Code of Ethics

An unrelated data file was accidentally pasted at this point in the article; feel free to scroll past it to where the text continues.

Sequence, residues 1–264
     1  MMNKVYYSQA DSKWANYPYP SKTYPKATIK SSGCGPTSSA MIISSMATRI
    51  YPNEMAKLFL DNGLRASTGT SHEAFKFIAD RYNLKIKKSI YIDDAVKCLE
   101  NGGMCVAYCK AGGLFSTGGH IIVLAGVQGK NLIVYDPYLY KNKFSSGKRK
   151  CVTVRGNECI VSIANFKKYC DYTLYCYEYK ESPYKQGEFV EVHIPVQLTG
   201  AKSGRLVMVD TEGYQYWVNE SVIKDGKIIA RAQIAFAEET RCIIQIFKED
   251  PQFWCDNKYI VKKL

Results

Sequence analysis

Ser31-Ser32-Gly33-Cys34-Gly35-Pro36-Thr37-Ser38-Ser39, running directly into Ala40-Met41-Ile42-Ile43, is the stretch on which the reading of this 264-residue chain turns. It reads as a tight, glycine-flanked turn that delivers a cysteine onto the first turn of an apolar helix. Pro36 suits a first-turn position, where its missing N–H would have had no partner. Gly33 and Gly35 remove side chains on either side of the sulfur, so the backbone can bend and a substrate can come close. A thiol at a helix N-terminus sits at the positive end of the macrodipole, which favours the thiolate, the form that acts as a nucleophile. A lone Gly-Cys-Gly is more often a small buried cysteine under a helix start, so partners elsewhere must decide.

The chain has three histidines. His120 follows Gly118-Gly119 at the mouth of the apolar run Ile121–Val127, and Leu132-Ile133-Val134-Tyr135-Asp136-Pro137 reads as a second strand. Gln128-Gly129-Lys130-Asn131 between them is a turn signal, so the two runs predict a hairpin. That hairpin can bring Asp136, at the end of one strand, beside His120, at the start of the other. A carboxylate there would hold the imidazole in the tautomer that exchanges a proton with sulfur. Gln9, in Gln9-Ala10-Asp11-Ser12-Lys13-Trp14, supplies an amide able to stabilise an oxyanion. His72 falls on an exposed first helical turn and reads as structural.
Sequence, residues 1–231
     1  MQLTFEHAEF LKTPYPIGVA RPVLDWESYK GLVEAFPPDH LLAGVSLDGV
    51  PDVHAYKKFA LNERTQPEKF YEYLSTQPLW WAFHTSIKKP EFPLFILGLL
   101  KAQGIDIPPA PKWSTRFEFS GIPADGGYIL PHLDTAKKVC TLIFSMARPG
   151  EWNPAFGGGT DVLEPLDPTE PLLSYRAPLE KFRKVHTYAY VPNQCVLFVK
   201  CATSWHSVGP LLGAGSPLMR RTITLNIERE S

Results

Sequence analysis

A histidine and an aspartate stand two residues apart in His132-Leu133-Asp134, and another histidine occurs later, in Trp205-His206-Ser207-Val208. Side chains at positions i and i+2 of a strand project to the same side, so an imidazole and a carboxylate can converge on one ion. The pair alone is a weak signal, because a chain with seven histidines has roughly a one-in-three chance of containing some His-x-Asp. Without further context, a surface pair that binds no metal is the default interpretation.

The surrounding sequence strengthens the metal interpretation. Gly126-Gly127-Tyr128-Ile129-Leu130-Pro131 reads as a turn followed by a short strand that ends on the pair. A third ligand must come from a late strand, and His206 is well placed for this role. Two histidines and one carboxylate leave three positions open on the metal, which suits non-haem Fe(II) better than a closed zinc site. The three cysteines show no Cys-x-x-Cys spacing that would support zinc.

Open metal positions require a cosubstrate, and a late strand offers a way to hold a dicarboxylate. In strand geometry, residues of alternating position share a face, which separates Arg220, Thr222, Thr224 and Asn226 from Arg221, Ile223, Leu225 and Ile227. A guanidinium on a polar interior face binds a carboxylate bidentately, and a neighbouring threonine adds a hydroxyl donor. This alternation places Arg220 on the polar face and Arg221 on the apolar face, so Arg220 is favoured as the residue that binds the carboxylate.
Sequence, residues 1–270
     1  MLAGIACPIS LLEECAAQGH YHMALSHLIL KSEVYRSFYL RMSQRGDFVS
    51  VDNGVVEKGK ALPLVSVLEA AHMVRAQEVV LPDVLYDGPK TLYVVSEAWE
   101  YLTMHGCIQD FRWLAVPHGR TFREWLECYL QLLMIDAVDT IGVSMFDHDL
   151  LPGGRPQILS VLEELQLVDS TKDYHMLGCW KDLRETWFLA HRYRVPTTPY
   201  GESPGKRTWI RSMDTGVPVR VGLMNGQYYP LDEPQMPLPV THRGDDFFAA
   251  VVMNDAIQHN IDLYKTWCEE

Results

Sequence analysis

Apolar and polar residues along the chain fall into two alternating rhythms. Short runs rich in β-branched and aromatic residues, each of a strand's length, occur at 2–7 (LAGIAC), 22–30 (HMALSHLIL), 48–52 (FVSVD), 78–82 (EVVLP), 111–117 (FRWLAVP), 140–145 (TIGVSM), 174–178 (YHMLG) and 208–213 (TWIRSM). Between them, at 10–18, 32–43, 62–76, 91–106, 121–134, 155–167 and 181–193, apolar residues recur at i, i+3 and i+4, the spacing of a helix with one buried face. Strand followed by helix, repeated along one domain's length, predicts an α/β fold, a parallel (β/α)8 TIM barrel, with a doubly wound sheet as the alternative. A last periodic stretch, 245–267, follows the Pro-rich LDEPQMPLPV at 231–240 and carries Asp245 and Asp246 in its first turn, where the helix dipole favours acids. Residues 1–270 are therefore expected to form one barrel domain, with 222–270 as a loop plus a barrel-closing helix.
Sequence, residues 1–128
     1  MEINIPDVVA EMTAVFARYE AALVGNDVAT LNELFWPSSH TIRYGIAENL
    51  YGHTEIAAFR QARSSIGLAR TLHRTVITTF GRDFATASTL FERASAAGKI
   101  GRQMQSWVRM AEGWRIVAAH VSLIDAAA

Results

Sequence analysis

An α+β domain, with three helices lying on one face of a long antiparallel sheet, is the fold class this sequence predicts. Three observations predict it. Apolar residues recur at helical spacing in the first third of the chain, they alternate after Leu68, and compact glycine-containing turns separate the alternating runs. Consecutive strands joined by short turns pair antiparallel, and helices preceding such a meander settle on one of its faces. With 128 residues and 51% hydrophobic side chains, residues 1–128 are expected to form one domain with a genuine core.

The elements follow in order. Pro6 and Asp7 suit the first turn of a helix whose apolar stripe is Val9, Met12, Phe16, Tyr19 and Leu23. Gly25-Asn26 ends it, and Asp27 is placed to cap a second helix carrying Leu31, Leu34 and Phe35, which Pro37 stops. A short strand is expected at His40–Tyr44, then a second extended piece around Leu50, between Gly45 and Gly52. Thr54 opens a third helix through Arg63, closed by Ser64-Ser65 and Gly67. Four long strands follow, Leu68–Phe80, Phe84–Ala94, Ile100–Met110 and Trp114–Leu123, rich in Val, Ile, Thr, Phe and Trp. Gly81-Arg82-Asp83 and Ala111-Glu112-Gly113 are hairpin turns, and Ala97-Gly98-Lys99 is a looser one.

Authors: Harry Murray (1992 3M Fellow) Eileen Gillese (1986 3M Fellow) Madeline Lennon (1990 3M Fellow) Paul Mercer (1994 3M Fellow) Marilyn Robinson (1993 3M Fellow)PREAMBLE The purpose of this document is to provide a set of basic ethical principles that define the professional responsibilities of university professors in their role as teachers. Ethical principles are conceptualized here as general guidelines, ideals, or expectations that need to be taken into account, along with other relevant conditions and circumstances, in the design and analysis of university teaching. The intent of this document is not to provide a list of ironclad rules, or a systematic code of conduct, along with prescribed penalties for infractions, that will automatically apply in all situations and govern all eventualities. Similarly, the intent is not to contradict the concept of academic freedom, but rather to describe ways in which academic freedom can be exercised in a responsible manner. Finally, the present document is intended only as a first approximation, or as `food for thought', not necessarily as a final product that is ready for adoption in the absence of discussion and consideration of local needs. Ethical Principles in University Teaching was developed by the Society for Teaching and Learning in Higher Education, and is endorsed by the winners of the national 3M teaching award whose names appear on the cover page. The document was created by individuals actively involved in university teaching, and will be distributed to university professors across Canada with the support of 3M Canada. The Society for Teaching and Learning in Higher Education (STLHE) believes that implementation of an ethical code similar to that described herein will be advantageous to university teachers (e.g., in removing ambiguity concerning teaching responsibilities); and will contribute significantly to improvement of teaching. For these reasons, STLHE recommends that the document be discussed thoroughly at Canadian universities, with input from professors, students, and administrators, and that universities consider adopting or implementing ethical principles of teaching similar to those described in this document. PRINCIPLE 1: CONTENT COMPETENCE A university teacher maintains a high level of subject matter knowledge and ensures that course content is current, accurate, representative, and appropriate to the position of the course within the student's program of studies. PRINCIPLE 2: PEDAGOGICAL COMPETENCE A pedagogically competent teacher communicates the objectives of the course to students, is aware of alternative instructional methods or strategies, and selects methods of instruction that, according to research evidence (including personal or self-reflective research), are effective in helping students to achieve the course objectives. PRINCIPLE 3: DEALING WITH SENSITIVE TOPICS Topics that students are likely to find sensitive or discomforting are dealt with in an open, honest, and positive way. PRINCIPLE 4: STUDENT DEVELOPMENT The overriding responsibility of the teacher is to contribute to the intellectual development of the student, at least in the context of the teacher's own area of expertise, and to avoid actions such as exploitation and discrimination that detract from student development. PRINCIPLE 5: DUAL RELATIONSHIPS WITH STUDENTS To avoid conflict of interest, a teacher does not enter into dual-role relationships with students that are likely to detract from student development or lead to actual or perceived favouritism on the part of the teacher. PRINCIPLE 6: CONFIDENTIALITY Student grades, attendance records, and private communications are treated as confidential materials, and are released only with student consent, or for legitimate academic purposes, or if there are reasonable grounds for believing that releasing such information will be beneficial to the student or will prevent harm to others. PRINCIPLE 7: RESPECT FOR COLLEAGUES A university teacher respects the dignity of her or his colleagues and works cooperatively with colleagues in the interest of fostering student development. PRINCIPLE 8: VALID ASSESSMENT OF STUDENTS Given the importance of assessment of student performance in university teaching and in students' lives and careers, instructors are responsible for taking adequate steps to ensure that assessment of students is valid, open, fair, and congruent with course objectives. PRINCIPLE 9: RESPECT FOR INSTITUTION In the interests of student development, a university teacher is aware of and respects the educational goals, policies, and standards of the institution in which he or she teaches. -------------------------------------------------------------------------------
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